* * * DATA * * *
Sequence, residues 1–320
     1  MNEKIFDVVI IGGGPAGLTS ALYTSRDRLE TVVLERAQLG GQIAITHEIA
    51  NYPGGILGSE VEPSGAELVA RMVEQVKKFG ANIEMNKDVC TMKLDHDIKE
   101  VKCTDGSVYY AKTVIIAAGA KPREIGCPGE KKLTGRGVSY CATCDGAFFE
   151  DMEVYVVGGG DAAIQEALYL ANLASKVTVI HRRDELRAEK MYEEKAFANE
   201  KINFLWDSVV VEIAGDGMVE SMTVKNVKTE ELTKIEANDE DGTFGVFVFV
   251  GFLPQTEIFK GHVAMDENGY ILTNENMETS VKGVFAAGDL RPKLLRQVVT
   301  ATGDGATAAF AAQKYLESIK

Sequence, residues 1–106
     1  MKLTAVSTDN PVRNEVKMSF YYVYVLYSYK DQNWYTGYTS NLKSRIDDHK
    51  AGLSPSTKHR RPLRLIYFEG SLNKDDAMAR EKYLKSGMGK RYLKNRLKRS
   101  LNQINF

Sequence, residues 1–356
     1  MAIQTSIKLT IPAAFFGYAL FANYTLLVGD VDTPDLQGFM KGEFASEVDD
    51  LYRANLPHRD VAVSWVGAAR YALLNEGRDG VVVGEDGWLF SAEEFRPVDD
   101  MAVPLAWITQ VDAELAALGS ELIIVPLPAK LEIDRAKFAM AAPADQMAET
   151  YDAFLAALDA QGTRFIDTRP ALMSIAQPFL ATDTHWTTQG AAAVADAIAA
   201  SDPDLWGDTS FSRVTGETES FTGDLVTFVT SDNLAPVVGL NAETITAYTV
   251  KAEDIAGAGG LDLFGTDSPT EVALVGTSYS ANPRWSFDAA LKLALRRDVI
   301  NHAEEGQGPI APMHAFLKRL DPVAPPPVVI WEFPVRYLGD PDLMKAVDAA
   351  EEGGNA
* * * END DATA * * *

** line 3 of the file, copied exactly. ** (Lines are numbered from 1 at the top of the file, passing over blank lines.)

    51  NYPGGILGSE VEPSGAELVA RMVEQVKKFG ANIEMNKDVC TMKLDHDIKE